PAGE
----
A friend of ours is remodeling an old house down the street and she found many intriguing things. My favorite is an old-fashioned sign found inside a wall that reads: “M.A.A. Houghton, Clairvoyant Physician. Magnetic Baths Given to Ladies. 700 Washington St.” This fascinating bit of history seems even naughtier when you discover what “magnetic treatment” was: the laying on of hands.

Zac McDorr is the founder of the Bath Maine History Center on Facebook.You can reach him at [email protected]

While we can understand Mr. Houghton’s desire to give magnetic treatments to ladies in bathtubs, he might have been run out of town for it. My researcher friend, Kerry Nelson, could find no reference to him anywhere. She did find a record of another magnetic physician named E.W. Thomas, who lasted three years in Bath. Like other snake-oil peddlers, he claimed the ability to cure just about anything.

To quote one newspaper article, “Dr. E.W. Thomas the magnetic physician whose remarkable success with diseases of the eye, paralysis, and other ills, is no clairvoyant as some have thought, nor is he in any sense a quack as some would desire the public to believe. He does not pretend to be a scientific surgeon or physician, but he and his many patients know that he possesses a wonderful power of magnetism and that he can and does cure obstinate diseases by the laying on of hands.”

An advertisement claims that Dr. Thomas could cure rheumatism, paralysis, stiffness of the joints, neuralgia, dyspepsis, optical weakness and other physical ailments. Remarkably, he lists several local people among his success stories. These include “Mr. Amasa Southard, Bath, lame shoulder, unable to lift hand to head. After one treatment able to deliver eighteen tons of coal” and “Miss Annie Preston, Arrowsic, lame knee, four years unable to walk, step, or move the knee. Could walk in 1 ½ hours after treatment. Is now permanently cured.” His prices were as follows: $1 for an office visit, with one month of free medicine; $1 for a house call, with free medicine. And for those who lived at a distance, you could mail him your full name and $1, and he would use his mental powers to diagnose your illness and send you medicine for free.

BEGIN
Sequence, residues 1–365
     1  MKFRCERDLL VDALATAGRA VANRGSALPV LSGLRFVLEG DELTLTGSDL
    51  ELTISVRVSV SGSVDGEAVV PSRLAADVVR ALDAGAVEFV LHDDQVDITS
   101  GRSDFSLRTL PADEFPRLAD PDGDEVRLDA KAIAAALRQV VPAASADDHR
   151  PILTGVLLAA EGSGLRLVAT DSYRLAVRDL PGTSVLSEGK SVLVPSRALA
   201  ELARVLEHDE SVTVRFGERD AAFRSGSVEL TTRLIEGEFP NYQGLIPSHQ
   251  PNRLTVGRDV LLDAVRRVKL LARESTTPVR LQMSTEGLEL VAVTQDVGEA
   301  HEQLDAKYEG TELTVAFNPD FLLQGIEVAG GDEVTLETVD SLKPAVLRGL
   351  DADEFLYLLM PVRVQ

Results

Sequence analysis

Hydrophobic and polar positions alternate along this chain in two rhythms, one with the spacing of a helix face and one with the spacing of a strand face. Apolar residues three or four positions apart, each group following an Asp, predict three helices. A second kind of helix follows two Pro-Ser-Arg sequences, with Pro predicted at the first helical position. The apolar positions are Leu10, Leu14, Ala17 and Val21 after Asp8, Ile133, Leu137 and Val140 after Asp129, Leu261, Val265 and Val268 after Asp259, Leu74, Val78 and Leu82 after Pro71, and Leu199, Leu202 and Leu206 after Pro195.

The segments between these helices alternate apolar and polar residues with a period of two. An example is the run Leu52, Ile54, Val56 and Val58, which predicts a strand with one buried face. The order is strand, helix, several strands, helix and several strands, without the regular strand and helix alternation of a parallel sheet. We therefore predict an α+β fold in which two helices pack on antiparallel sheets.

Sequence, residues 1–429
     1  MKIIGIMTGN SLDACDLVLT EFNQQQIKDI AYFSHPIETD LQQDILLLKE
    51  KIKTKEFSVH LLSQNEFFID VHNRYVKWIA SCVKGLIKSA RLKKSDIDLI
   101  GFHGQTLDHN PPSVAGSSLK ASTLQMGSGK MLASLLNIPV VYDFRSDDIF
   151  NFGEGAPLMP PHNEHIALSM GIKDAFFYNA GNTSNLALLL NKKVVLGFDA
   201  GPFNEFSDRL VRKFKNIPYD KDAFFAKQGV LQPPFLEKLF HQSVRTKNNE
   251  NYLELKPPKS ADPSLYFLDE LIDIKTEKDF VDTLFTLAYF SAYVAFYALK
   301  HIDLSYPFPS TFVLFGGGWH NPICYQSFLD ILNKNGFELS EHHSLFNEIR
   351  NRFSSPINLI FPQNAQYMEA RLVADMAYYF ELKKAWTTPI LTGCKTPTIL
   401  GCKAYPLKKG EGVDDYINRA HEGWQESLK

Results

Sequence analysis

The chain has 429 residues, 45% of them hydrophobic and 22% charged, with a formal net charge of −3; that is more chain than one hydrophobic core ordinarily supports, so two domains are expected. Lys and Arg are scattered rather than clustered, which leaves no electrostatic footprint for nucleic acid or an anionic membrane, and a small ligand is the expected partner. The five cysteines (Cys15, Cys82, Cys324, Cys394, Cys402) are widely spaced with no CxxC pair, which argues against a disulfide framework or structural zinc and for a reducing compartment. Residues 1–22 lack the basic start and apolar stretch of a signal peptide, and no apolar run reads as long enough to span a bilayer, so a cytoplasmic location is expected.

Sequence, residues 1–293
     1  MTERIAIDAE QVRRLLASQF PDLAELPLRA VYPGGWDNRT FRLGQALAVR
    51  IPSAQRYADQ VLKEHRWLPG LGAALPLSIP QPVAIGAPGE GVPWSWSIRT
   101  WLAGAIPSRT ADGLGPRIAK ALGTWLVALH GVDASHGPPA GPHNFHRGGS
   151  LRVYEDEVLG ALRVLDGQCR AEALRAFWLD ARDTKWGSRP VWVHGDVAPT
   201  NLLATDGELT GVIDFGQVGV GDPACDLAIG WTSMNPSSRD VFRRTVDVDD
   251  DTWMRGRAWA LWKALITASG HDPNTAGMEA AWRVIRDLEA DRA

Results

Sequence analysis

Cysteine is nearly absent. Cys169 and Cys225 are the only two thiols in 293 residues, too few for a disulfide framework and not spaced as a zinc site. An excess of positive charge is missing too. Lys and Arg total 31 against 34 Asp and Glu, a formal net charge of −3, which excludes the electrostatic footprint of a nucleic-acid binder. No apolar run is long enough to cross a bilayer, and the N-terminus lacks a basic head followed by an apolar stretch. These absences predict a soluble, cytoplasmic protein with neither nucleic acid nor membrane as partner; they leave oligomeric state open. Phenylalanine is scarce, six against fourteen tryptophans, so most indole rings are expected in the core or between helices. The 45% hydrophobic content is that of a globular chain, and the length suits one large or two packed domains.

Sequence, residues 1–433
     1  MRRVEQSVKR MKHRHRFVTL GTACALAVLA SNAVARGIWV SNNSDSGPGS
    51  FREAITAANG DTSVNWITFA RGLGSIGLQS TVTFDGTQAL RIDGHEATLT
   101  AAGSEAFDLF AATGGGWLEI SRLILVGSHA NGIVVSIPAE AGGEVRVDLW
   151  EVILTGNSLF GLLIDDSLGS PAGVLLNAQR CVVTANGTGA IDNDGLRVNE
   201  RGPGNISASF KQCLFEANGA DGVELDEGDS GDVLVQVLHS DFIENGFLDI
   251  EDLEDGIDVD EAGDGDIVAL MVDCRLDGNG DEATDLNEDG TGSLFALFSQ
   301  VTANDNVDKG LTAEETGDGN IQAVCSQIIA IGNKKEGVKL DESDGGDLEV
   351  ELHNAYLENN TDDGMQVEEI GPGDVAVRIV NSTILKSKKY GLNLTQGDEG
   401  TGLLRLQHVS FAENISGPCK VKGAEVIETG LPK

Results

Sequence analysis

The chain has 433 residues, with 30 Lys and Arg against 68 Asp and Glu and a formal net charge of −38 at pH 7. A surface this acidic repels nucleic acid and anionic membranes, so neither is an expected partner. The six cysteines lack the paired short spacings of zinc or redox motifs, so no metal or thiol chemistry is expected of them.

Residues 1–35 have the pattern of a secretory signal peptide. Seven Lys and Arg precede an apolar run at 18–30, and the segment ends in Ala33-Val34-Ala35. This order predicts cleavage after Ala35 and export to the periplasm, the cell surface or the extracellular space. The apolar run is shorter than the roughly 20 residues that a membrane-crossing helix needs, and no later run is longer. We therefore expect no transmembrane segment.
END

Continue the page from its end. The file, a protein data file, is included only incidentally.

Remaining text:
Seems legit.

This sign is an advertisement for a “doctor” that offered what was likely a quack cure and was found in an older Bath home. Zac McDorr / For The Forecaster

Another article tells the story of a nameless clairvoyant “doctor” who visited Bath and did a house call. This involved a séance, with the doctor being possessed by an Indian spirit. Unfortunately, two young girls were attempting to spy on the proceedings through a keyhole. One pushed the other through the door, thus disrupting the Indian spirit and ruining the treatment.

After digging up this interesting history, Kerry Nelson discovered that only half of the old-time physicians in Bath were allopathic, or traditional. The other half practiced homeopathic medicine, which has made a comeback lately (essential oils, anyone?). And then there was E.W. Thomas, the lone clairvoyant, practicing on Oak Street.

I don’t know about you, but I’m thinking seriously about this magnetic hands business. It seems like a great way to pretend to help people, and make some extra cash in the process.

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